Now that’s not the end of my story. The government today says don’t drink and drive. If you’re caught driving and drinking they fine you so they can add more money to the U.S. coffers. Another thing, they allow you to open bars where the U.S. government can make tax money on that.

What I’m trying to say, we live in a hypocritical world. Advertised on the billboards and in most grocery stores you can buy all kinds of beer, light beer, beer that’s pleasing to the eye. Beer is an alcoholic product and many people get addicted to it. Addiction is a terrible thing that can happen. Now I understand that some states are legalizing pot. Next may be heroin. Mama’s and Daddy’s if it’s OK with you to drink in your home, your children may turn out to be addicted. Addiction sometimes leads to suicide. Who’s at fault? Is it the government, the individual or Mama and Daddy? It doesn’t matter if it leads to a dead end.

My Bible says in Proverbs 22:6, train up a child in the way he should go, and when he is old he will not depart from it. Many families never read the instruction book for life.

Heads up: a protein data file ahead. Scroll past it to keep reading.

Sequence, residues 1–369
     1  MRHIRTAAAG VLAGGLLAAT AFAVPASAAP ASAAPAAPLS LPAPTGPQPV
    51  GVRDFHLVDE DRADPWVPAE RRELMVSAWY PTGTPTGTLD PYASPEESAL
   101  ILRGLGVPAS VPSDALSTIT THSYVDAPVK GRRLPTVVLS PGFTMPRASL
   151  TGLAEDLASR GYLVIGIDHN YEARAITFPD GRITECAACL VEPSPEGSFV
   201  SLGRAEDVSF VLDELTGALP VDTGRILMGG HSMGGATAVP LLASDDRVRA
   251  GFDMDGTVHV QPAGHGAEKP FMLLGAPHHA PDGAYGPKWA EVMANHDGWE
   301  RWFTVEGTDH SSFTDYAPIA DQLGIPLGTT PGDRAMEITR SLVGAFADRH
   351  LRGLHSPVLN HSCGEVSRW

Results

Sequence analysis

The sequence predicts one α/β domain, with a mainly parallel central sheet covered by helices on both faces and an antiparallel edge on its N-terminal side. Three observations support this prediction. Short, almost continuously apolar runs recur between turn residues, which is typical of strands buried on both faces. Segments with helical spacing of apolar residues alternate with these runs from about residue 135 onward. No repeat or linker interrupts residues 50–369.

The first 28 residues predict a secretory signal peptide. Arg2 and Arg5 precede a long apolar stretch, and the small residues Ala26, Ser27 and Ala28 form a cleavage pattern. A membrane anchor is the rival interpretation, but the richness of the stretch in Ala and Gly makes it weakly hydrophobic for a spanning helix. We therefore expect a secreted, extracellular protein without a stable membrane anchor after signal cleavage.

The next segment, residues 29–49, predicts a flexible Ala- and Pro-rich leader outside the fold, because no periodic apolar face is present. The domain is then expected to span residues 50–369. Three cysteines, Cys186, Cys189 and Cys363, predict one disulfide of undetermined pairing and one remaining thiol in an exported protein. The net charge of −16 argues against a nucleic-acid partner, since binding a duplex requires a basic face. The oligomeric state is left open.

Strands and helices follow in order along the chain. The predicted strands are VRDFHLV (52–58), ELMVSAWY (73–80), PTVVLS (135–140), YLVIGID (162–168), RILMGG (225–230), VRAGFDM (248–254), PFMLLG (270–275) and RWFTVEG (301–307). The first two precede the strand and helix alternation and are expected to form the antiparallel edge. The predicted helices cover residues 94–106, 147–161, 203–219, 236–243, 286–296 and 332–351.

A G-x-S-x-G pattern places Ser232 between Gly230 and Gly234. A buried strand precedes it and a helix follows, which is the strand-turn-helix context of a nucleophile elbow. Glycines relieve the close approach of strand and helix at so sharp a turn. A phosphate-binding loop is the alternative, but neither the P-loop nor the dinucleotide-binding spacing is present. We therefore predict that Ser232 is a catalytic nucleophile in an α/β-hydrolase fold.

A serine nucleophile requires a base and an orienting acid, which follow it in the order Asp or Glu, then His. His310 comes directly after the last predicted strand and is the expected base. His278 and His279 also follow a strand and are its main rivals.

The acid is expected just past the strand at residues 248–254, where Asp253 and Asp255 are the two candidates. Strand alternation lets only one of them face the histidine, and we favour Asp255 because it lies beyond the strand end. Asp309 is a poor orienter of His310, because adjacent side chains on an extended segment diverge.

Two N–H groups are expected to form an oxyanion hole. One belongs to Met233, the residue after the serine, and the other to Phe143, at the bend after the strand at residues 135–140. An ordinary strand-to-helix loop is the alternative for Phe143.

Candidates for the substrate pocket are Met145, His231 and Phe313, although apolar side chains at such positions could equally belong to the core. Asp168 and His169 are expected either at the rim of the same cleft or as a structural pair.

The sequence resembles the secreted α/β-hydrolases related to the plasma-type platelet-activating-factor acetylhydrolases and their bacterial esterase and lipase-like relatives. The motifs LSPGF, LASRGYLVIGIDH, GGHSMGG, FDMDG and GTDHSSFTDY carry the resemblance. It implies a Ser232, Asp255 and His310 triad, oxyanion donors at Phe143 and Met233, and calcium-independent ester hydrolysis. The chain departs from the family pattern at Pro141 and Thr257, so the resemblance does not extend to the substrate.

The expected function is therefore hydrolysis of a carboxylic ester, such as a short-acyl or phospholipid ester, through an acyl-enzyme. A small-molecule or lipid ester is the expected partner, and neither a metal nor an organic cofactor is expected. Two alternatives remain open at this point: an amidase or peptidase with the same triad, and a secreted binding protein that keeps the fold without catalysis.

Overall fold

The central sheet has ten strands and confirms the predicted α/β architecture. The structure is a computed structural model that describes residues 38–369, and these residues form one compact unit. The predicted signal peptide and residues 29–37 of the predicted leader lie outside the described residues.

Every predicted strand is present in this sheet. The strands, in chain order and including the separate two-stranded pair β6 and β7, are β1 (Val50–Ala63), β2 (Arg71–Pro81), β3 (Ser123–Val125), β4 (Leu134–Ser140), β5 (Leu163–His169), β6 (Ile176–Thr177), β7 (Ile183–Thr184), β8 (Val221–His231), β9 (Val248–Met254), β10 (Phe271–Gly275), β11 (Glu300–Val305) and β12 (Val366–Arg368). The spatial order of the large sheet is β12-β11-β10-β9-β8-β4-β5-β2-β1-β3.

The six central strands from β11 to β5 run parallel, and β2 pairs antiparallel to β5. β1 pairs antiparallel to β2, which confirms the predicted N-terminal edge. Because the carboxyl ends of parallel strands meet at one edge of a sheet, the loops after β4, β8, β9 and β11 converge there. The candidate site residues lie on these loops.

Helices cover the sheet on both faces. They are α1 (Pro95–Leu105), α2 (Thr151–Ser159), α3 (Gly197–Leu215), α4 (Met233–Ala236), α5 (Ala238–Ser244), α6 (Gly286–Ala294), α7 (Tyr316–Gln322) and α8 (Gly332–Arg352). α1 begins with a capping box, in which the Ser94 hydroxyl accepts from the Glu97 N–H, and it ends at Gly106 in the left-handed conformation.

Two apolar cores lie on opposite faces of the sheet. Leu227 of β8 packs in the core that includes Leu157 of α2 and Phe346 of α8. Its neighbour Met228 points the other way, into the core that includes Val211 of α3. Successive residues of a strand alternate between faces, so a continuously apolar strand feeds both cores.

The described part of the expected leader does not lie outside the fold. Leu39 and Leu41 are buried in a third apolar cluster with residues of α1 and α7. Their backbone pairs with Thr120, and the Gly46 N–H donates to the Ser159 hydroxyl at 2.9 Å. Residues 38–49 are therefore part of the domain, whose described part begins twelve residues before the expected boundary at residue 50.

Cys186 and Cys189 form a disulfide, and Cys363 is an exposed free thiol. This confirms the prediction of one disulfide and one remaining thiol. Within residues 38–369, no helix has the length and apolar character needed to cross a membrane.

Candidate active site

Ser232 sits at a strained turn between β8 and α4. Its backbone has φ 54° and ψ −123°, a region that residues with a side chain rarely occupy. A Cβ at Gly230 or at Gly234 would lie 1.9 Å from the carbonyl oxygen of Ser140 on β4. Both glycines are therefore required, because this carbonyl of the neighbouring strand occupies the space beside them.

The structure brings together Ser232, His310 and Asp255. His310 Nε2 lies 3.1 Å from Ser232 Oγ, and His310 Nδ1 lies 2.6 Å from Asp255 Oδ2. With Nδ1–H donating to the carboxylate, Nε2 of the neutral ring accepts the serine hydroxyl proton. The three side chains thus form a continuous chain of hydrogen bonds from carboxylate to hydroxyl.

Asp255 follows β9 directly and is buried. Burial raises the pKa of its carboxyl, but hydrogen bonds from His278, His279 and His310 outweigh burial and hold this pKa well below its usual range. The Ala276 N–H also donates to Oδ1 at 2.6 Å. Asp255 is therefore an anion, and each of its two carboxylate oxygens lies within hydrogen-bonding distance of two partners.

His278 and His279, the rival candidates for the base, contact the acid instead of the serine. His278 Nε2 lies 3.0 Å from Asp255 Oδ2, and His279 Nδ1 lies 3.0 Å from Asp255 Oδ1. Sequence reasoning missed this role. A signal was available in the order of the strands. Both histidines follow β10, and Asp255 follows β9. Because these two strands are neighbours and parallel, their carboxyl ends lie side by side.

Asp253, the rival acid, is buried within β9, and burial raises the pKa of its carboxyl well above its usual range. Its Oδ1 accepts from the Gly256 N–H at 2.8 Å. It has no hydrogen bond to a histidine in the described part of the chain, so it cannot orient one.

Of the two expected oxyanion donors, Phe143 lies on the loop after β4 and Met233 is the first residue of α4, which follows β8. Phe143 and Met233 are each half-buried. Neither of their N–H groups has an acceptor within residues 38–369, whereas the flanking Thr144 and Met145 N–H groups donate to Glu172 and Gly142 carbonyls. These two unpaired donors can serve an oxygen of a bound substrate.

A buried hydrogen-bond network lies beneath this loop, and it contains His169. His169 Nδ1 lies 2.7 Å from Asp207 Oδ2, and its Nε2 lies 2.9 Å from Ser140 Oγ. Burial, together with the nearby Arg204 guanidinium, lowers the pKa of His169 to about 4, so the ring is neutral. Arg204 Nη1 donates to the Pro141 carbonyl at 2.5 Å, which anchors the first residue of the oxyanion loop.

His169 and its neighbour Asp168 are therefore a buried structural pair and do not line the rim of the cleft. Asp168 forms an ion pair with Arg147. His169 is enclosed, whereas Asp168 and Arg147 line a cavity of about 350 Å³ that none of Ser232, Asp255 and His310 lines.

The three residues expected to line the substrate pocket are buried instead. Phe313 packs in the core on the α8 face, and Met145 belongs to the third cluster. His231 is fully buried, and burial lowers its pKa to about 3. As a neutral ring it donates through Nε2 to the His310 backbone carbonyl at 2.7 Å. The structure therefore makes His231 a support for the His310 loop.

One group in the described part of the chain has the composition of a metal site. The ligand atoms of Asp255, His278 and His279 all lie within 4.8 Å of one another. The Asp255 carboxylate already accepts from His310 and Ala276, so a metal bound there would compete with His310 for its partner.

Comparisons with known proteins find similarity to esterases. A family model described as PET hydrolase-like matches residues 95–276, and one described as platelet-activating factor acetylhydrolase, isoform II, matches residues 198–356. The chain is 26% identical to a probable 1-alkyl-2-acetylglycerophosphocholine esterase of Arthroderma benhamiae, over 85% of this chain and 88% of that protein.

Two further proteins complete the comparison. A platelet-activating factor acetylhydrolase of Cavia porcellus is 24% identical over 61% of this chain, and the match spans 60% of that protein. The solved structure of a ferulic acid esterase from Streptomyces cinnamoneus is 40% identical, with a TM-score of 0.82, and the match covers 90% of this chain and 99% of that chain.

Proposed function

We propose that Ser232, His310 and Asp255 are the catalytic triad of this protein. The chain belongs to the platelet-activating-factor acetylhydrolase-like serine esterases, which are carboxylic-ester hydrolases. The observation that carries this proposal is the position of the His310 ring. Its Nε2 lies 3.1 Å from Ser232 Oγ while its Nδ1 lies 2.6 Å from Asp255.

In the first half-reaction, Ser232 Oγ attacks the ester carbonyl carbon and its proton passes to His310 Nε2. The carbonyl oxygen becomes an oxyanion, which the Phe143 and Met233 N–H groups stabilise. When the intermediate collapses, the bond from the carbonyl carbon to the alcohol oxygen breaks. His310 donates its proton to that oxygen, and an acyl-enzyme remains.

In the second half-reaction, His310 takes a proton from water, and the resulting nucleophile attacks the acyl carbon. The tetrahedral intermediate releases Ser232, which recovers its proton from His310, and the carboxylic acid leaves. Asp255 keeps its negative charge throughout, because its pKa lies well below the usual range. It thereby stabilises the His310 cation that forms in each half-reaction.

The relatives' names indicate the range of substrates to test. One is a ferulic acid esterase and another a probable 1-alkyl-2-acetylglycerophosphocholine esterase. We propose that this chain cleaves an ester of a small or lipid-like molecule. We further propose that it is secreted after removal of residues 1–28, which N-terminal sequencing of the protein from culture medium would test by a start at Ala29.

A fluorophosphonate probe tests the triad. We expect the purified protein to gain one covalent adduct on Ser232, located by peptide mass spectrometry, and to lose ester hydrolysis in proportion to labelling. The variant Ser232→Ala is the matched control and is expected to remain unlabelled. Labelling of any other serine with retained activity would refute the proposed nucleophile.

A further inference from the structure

W.B. Turner

Hillsborough

Tariffs hurting farmers

Another self-inflicted crisis – this time it involves farmers who are losing their overseas markets as a result of Mr. Trump’s tariffs to strike back against alleged unfair trade deals. (“Cooper to Trump: Stop tariffs that are harming NC farmers” July 19)

Having caused the damage, Mr. Trump comes to the rescue with $12 billion in taxpayer funds to underwrite farmers’ losses.

But he won’t share public funds with families who run out of money for food, nor provide for those who can’t afford health insurance, or secure housing or quality education.

Mr. Trump is also generous with Immigration and Customs Enforcement [ICE], which treats immigrants and asylum seekers like commodities, rather than families trying to exercise their human rights. He aggressively ends Temporary Protective Status for many thousands who must return to still unsafe countries. He even is pursuing naturalized citizens, the thousands who are now Americans and have been living ordinary lives, raising kids, working, paying taxes, serving their communities, and threatening them with deportation.

Why isn’t Mr. Trump ordering his people to prioritize those in greatest need, and, where law enforcement is appropriate, deal only with relatively few who may pose a threat, not groups of people who do not? What if he were to write an executive order to deal with all people with respect, to do justice with mercy; and to share our tax dollars with those who have no voice as well as those who do?

Nancy Milio

Chapel Hill

Founding football?